Sittwe economic zone in limbo as international investors get cold feet

Plans for a proposed economic zone on the outskirts of Sittwe are in limbo, after international investors pulled out over sectarian violence in Rakhine and wider political concerns about Chinese businesses in Myanmar.

In August 2013 the then-state minister for planning and economics U Mra Aung, told The Myanmar Times that a feasibility report was being carried out on creating an economic zone at Ponnagyun township, some 60 kilometres (37 miles) outside Sittwe. The zone was a separate project from the widely publicised Kyaukpyu SEZ off the Rakhine coast, and ministers hoped the Ponnagyun project would provide a financial boost that could bring stability to the troubled region.

But a source close to the study told The Myanmar Times earlier this month that the original plan had fallen through because the South Korean firm decided violence in the state meant the Ponnagyun project posed too great an investment risk.

And he said a major Chinese firm which was also looking at backing the project had pulled out amid uncertainty about the position of Chinese business in Myanmar, after several high-profile China-backed projects were halted by the government.

“The South Koreans didn’t want to go ahead because of the trouble and the Chinese were worried about the politics,” said the source. He added that although he believed the situation regarding China was beginning to improve now, the last two years had seen little government incentive for Chinese companies seeking to invest in Myanmar.

Sean Turnell, an economist at Macquarie University in Australia, who focuses on Myanmar, said, ” “This is a very specific example of how the violence in Rakhine is now yielding very tangible economic costs.”

He said the issue could be “a wake-up call” for the Union and Rakhine governments. “Vested interest – the loss of material advantage – is always more effective than moral exhortation,” he added. Rakhine is Myanmar’s second poorest state, and communal conflict between ethnic Rakhine and the minority Rohingya Muslim population there has left over 250 people dead and around 120,000 homeless.

According to the U Mra Aung, the proposed zone would have provided up to 100,000 jobs in light industry. A key aim of the project, he said, was to re-dress some of the economic fallout of violence in the state.

“Due to the crisis, investors from foreign countries are not brave enough to come. And because of that finances of Rakhine State are a little bit not okay,” he told The Myanmar Times last year.

The new SEZ would provide reassurance to potential investors he added.

However continued violence in the state – which as recently as March saw international aid and development workers forced to evacuate Sittwe after attacks on their properties – has done nothing to improve the state’s reputation in the international circles.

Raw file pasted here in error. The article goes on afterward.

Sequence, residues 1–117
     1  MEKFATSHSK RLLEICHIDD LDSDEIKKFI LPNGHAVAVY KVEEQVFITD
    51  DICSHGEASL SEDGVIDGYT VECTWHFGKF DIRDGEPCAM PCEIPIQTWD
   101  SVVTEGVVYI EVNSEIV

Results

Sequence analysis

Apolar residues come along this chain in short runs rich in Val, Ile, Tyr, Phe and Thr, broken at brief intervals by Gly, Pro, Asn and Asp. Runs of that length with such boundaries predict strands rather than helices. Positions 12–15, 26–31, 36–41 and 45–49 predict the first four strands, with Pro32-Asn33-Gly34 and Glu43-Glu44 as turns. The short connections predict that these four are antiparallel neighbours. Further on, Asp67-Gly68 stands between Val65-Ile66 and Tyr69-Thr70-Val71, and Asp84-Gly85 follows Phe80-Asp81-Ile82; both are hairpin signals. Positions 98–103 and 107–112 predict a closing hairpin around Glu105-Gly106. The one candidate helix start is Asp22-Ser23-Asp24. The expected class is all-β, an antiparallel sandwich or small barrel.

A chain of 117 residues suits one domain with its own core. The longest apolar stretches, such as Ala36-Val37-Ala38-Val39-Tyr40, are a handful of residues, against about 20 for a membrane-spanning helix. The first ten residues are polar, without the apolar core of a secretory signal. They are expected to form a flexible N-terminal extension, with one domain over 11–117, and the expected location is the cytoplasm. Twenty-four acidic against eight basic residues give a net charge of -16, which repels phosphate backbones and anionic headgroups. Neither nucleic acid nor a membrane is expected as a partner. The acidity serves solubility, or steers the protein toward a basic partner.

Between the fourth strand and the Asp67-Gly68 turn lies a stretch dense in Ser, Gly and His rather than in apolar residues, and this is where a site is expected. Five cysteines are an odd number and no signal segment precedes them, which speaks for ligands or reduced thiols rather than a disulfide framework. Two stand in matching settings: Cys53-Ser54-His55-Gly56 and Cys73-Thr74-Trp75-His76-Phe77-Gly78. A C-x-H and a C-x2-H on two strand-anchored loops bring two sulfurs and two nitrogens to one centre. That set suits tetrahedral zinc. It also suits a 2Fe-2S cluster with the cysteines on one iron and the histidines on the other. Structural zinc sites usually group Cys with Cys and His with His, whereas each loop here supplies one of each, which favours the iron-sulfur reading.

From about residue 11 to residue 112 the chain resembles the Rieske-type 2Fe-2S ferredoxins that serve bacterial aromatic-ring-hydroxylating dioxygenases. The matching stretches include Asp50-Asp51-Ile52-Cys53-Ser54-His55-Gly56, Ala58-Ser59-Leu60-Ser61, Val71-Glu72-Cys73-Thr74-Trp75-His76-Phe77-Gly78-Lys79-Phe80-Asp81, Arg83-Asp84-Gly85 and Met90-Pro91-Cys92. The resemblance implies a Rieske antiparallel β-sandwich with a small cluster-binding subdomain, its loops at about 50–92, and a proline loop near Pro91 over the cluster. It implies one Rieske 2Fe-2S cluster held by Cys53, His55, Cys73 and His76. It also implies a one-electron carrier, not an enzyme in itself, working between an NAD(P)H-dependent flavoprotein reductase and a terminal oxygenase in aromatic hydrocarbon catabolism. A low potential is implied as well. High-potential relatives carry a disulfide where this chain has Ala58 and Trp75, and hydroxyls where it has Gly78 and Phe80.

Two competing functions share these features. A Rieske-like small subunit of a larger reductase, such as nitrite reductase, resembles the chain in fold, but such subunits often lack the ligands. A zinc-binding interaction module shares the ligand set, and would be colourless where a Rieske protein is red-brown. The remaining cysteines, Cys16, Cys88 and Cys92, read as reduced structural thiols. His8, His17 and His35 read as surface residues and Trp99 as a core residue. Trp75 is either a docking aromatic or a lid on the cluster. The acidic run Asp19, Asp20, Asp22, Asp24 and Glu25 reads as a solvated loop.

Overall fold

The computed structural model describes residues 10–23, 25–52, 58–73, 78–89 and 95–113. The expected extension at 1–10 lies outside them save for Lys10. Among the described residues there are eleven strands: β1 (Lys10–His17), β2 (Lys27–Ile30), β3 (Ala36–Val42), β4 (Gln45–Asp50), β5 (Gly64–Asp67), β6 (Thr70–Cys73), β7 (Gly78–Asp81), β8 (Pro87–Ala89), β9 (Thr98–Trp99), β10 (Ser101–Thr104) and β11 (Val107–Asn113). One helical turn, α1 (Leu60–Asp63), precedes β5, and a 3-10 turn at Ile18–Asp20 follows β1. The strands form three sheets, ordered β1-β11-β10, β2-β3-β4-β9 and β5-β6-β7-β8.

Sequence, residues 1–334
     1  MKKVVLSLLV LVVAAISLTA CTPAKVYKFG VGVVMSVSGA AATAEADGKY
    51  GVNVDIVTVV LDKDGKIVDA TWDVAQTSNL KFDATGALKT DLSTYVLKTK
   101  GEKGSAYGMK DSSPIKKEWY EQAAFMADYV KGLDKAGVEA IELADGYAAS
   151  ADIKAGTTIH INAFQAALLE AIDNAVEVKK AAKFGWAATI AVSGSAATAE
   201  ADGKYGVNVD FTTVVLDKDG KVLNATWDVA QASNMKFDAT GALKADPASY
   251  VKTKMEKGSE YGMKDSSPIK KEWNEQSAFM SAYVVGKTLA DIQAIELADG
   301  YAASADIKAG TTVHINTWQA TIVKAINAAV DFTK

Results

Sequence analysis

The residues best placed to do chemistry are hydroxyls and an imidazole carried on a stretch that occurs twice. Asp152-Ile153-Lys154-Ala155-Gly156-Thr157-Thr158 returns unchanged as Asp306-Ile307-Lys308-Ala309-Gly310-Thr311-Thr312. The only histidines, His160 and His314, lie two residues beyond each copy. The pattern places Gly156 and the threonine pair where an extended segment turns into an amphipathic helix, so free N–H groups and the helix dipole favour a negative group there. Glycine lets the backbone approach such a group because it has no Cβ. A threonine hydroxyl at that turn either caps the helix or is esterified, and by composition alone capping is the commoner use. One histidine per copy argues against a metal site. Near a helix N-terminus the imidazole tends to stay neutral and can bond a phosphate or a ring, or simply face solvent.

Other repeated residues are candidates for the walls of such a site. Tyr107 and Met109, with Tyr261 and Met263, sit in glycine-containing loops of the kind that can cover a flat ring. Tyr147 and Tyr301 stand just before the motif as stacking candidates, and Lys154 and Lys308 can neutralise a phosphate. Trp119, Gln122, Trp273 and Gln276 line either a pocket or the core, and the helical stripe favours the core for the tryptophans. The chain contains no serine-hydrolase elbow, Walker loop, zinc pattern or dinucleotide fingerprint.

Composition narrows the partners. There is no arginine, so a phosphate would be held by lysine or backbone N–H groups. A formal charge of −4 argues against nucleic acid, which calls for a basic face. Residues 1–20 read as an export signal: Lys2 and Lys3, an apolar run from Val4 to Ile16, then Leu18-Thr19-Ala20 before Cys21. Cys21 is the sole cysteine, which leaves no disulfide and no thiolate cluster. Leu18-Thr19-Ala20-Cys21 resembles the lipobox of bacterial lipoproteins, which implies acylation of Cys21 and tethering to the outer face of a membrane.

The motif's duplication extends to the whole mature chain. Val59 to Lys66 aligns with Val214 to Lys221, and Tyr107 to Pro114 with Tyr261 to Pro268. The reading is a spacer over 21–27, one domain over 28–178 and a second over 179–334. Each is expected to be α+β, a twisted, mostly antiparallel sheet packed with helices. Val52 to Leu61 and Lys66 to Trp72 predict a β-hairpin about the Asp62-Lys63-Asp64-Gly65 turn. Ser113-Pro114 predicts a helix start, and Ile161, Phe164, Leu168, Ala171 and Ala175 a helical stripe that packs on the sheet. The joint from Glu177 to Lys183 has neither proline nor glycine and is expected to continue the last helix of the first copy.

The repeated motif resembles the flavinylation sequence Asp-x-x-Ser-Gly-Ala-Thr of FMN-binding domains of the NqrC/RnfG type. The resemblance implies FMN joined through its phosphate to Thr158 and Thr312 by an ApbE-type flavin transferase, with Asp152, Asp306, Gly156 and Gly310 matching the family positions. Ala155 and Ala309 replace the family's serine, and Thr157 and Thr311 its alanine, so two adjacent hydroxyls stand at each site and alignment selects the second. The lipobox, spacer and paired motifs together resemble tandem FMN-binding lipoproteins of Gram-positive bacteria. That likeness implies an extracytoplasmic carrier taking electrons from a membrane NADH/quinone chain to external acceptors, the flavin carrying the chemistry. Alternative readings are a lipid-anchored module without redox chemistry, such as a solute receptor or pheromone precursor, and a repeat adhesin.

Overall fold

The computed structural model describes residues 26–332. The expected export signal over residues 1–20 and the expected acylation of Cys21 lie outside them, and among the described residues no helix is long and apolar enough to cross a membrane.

The UN and numerous international organizations have raised serious concerns about major human rights violations against the Rohingya population in Rakhine, who are more commonly referred to as Bengali in Myanmar.

“I have been concerned for a while of how this [sectarian violence] has had an impact on the broad reform ‘narrative’, hitherto somewhat uncritically accepted by the international community, but this demonstrates the dangers of a momentum fast developing in the other direction,” said Mr Turnell.

China has traditionally been seen as more likely than many countries to invest in areas with poor human rights records. But concern over projects such as the massive China-backed Myitisone dam – which provoked so much public outrage that the current government suspended it just six months after taking power in March 2011 – has increasingly put off Chinese investors.

Figures from Myanmar’s Central Statistical Organisation show approved Chinese investment between April 2013 and January this year was just $46 million, compared to $407 million in the previous fiscal year and $4.3 billion in the year through March 2012.

For already-troubled areas such as Rakhine, that appears to be having a significant knock-on effect.

However Mr Turnell suggested Chinese investors were unlikely to stay away in the long term.

“I am less concerned about the Chinese investment – which was always opportunistic, and always willing to leverage any relative advantage. The fundamentals of China’s voracious energy and resource needs, and an episodically supine Myanmar right next door, won’t go away. They will be back,” he said.

U Mra Aung last week said the feasibility study had been abandoned after international investors had pulled out. However he insisted the Rakhine state government had not given up on the project, and the government would push ahead on its own to draw investment to the site at Ponnagyun which remained earmarked for development as an SEZ.

“We’ve already planned this and are going to announce the tender for development soon,” he said, though he said he did not know exactly when the tender would be made public. He did not comment on how the state hoped to draw international investors given the continued troubles.


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